WASHINGTON, D.C. – Today, U.S. Senator Thom Tillis (R-NC) spoke on the Senate floor honoring the service and sacrifice of law enforcement officers during National Police Week.
“The demonization of law enforcement will have lasting consequences, and it will ultimately make all of us less safe. This is why Congress must do everything we can to support law enforcement and stop efforts to demean and demonize them. The best way to do that is to recognize law enforcement for their remarkable service and the dangers they face to protect us.”
Watch Senator Tillis’ floor speech HERE.
This week is National Police Week, and I rise today in honor of the service and sacrifice of law enforcement across this country. In North Carolina, we lost ten law enforcement officers in 2020, and we've tragically lost six so far in 2021. Some of these officers were victims of covid, others were involved in car accidents, and some made the ultimate sacrifice, killed in the line of duty. Recent tragedies in Cabarrus, Gaston, Henderson, and Watauga Counties have been met with an outpouring of gratitude, appreciation, and love from the residents of those communities. This past September, we lost Deputy Ryan Hendrix of the Henderson County Sheriff's Office after he was shot and killed responding to a break-in. Officer Hendrix was only 35-years-old. He had two young children and was set to be married to his fiancé the following month. Last December, Officer Tyler Herndon of the Mount Holly Police Department was tragically killed in the line of duty just days before his 26th birthday. In December, Officer Jason Shuping of the Concord Police Department was shot and killed while responding to an attempted carjacking. Officer Shuping was only 25-years-old and left behind a wife, Haylee, his high school sweetheart who he had been in love with for years and married for two. Last week, I had the sad honor of joining Cabarrus County to commemorate Law Enforcement Day and honor Officer Shuping's service. Most recently, on April 28, North Carolina tragically lost two more law enforcement officers: Sergeant Chris Ward and K-9 Deputy Logan Fox of the Watauga County Sheriff's Office. They were conducting a welfare check that turned into a deadly hours-long standoff. Sergeant Ward, only 36-years-old, was an 8-year law enforcement veteran. He leaves behind a wife – who was his high school sweetheart – and two daughters. Deputy Fox was only 25-years-old. He was a two-year veteran of the Watauga Sheriff's Office and was partners with K-9 "Raven." He was engaged and soon to be married.
The people of North Carolina came together to pay their final respects to these two brave officers just a little over a week ago. During a procession from Winston-Salem back to Boone, many stood on the side of the road to salute the officers and proudly wave the American flag. I told the audience and the police officers present in Concord last week, that most Americans still greatly appreciate the service of law enforcement. They recognize the vast majority of men and women serving in law enforcement are good people who put on their uniforms every day, willing to lose their own lives to protect others. Being a law enforcement officer is not an easy job. And it's not a safe one. We saw that on Capitol Hill on January 6th. But being an officer is becoming harder and harder, as they handle more stress, more pressure, and more responsibilities than ever before. If their jobs weren't hard enough already, there are some people – including people on Capitol Hill – who are actively demonizing all of law enforcement. Arguing they are unworthy of taxpayer funding or people's respect. It's no wonder why many law enforcement offices across the nation have low morale. We see the real-world consequences: a decrease in applications, early exits, and more retirements. It’s gotten to dangerous levels in several cities across the country.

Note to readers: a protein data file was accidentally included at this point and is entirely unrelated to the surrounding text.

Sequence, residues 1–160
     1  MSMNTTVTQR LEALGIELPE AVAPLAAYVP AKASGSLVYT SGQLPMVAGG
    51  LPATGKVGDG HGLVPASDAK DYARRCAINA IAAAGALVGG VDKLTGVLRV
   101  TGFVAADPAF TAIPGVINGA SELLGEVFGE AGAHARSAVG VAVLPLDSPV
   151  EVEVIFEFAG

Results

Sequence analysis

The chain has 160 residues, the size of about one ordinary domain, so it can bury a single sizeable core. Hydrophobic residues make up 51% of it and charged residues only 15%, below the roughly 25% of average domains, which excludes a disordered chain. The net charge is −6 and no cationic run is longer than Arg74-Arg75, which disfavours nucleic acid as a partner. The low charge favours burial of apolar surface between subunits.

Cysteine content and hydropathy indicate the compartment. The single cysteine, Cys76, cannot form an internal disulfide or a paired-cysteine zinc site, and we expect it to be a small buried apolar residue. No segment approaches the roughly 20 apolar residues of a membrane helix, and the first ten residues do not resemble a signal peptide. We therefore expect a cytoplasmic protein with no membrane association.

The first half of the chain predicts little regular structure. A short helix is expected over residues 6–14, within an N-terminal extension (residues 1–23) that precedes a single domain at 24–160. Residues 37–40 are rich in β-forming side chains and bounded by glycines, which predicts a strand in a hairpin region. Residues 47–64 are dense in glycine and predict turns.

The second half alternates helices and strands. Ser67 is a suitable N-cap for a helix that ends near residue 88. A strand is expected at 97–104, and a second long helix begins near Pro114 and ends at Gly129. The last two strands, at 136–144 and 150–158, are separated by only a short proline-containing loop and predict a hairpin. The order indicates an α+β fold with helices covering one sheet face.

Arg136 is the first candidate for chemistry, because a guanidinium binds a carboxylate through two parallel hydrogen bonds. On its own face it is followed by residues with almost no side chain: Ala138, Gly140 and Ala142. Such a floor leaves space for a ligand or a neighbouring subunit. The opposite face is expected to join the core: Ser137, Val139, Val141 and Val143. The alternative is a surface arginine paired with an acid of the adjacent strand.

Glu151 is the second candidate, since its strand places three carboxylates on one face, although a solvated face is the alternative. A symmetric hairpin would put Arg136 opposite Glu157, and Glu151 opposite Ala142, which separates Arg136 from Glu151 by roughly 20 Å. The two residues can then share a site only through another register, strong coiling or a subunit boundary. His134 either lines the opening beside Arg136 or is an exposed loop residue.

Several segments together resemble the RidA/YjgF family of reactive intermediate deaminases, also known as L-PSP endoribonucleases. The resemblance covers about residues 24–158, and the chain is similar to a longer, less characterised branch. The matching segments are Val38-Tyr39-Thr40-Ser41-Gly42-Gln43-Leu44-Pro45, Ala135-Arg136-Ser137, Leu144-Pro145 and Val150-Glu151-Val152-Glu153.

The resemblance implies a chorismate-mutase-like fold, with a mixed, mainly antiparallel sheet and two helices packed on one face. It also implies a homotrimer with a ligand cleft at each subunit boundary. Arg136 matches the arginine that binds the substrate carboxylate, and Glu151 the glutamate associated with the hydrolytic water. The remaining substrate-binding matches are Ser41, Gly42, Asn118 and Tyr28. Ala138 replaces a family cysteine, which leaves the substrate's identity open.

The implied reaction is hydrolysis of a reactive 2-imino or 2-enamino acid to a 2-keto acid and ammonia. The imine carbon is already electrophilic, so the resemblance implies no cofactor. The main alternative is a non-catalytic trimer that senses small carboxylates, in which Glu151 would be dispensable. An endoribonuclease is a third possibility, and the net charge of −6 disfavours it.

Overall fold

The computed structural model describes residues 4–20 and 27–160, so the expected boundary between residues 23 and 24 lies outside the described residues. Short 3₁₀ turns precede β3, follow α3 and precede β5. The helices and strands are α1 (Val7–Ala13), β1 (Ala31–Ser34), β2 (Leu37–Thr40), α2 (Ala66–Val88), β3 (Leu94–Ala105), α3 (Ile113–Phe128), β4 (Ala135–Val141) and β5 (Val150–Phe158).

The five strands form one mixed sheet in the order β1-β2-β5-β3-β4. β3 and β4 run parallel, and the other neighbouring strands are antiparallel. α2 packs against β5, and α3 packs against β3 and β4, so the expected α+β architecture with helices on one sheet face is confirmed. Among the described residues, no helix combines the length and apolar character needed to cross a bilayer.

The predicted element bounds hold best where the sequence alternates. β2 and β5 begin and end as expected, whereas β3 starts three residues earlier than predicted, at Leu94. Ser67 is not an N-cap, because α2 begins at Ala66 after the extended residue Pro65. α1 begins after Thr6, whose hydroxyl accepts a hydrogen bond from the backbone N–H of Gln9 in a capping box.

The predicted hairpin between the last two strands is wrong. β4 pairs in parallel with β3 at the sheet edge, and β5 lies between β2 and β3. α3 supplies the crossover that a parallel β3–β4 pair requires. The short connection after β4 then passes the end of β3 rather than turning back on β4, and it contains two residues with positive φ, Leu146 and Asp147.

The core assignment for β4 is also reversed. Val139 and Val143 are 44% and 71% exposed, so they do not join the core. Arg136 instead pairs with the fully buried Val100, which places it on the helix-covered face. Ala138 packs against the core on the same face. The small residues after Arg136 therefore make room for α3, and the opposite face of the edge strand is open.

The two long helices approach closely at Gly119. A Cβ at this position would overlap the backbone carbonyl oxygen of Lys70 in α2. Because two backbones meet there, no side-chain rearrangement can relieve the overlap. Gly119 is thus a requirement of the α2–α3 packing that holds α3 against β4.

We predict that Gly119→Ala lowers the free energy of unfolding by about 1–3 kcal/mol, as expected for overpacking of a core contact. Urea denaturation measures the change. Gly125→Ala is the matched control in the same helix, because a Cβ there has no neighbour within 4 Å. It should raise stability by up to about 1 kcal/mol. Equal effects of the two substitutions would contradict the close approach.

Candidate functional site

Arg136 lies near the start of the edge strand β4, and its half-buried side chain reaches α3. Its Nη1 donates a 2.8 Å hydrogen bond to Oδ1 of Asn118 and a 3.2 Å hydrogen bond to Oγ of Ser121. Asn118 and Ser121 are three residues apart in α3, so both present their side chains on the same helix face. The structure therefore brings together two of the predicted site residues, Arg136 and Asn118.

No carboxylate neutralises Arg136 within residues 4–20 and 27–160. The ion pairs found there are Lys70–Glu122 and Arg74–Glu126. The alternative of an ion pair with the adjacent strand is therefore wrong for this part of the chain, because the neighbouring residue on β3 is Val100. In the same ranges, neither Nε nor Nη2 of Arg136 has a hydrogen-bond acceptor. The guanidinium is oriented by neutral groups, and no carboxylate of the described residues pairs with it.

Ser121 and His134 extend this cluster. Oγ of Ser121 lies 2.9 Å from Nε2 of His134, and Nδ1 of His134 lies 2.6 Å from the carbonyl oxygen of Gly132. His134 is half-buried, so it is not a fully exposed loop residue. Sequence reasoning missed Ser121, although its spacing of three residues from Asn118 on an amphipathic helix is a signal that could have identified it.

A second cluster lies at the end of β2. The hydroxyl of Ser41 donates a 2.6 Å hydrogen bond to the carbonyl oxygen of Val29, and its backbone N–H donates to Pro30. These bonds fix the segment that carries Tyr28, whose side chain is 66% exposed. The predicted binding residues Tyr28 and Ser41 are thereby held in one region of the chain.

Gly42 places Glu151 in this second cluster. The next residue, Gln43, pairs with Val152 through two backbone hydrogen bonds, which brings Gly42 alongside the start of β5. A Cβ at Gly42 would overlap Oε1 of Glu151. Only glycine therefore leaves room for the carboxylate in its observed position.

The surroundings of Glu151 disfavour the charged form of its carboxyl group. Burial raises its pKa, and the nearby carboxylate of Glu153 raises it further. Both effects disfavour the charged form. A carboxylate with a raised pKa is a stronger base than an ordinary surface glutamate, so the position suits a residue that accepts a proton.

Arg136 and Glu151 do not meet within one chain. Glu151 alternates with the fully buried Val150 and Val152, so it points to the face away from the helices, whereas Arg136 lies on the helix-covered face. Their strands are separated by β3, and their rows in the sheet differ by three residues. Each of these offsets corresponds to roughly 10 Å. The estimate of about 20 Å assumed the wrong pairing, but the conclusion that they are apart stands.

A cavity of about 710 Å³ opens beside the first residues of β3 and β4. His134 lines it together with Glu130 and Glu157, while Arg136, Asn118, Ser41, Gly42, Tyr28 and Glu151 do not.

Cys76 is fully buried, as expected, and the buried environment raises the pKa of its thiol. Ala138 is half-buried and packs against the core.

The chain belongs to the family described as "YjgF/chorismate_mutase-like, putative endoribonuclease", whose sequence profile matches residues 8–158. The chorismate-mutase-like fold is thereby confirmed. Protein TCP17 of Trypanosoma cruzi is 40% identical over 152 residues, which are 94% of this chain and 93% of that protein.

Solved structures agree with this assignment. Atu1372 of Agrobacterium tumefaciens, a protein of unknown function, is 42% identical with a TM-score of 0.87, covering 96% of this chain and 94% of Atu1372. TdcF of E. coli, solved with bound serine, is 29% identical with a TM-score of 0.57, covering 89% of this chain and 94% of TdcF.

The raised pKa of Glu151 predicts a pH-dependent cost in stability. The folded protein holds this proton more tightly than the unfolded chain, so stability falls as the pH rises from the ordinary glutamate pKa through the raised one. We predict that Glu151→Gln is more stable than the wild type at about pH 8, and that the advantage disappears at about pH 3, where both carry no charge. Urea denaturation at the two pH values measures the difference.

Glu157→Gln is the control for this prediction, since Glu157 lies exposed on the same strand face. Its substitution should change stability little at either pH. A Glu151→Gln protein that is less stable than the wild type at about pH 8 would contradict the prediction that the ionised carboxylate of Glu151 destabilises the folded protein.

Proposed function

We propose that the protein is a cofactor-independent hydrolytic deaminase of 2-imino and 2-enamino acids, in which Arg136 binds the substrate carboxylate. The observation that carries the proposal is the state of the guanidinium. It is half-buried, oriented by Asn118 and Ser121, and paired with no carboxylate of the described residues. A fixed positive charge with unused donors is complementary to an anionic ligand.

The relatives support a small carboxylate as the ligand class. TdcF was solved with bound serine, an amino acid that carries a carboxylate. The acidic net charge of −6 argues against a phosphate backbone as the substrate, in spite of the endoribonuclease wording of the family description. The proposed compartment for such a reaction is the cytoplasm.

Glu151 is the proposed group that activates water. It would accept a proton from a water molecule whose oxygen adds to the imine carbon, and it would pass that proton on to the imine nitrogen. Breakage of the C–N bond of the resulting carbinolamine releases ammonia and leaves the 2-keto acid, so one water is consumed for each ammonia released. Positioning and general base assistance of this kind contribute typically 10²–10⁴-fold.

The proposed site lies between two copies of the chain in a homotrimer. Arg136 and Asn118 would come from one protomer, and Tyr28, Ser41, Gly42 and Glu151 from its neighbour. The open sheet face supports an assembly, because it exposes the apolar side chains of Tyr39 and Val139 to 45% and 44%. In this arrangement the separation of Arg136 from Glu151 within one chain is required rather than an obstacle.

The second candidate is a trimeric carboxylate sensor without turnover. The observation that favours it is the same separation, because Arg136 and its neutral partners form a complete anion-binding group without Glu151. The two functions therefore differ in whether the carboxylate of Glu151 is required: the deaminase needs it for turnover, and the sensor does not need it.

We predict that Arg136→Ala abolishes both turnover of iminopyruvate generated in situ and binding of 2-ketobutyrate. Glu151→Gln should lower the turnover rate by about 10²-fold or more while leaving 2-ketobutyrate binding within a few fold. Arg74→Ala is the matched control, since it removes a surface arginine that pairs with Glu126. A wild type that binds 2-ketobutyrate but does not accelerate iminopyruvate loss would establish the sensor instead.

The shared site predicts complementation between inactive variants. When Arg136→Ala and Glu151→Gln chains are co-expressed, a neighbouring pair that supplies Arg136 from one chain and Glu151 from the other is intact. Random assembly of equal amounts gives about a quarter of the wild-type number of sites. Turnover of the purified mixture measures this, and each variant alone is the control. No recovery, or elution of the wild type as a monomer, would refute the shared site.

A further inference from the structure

The demonization of law enforcement will have lasting consequences, and it will ultimately make all of us less safe. This is why Congress must do everything we can to support law enforcement and stop efforts to demean and demonize them. The best way to do that is to recognize law enforcement for their remarkable service and the dangers they face to protect us. That is why I recently reintroduced the Protect and Serve Act. This legislation would make it a federal crime to intentionally assault a law enforcement officer. It ensures prosecutors have every tool available to punish those who attack and target them. In 2018, the Protect and Serve Act passed the House by a vote of 382 to 35, and had the support of every current member of House Democratic leadership. If President Biden is serious about unity, I can think of no better bill for him to support.
This week, I am introducing another important piece of legislation: The Probation Officer Protection Act. This bill would give probation officers the arrest authority they need to fully enforce the law and protect public safety. I hope my colleagues on both sides of the aisle will cosponsor this bill and work with me to send it to the President's desk along with the Protect and Serve Act. I know every member of Congress has seen the heroism of law enforcement first-hand, I did too. We all saw it on January 6th, when Capitol Police and DC Police risked lives to ensure our safety. We ultimately lost two officers, and more than 440 of our Capitol Police and DC Police were injured in the events of January 6th. I hope the respect and appreciation we show to law enforcement this week can be sustained year-round. Let us commit ourselves to do all we can to support the men and women in blue who protect and serve us every single day.